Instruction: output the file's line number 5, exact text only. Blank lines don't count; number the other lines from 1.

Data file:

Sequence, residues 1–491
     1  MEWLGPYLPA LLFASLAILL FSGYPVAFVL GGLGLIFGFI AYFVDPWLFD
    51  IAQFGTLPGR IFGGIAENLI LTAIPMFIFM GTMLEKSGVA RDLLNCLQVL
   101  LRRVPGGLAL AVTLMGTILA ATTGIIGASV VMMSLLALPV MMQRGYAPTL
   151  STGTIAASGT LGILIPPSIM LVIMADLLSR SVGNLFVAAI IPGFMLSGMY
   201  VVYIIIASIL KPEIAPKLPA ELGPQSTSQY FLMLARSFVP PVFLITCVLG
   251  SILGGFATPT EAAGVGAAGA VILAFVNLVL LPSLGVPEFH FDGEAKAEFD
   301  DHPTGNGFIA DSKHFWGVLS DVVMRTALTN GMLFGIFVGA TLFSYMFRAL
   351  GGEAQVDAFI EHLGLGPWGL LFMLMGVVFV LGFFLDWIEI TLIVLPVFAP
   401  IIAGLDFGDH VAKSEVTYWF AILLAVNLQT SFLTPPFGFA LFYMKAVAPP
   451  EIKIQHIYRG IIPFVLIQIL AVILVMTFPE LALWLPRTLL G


   151  STGTIAASGT LGILIPPSIM LVIMADLLSR SVGNLFVAAI IPGFMLSGMY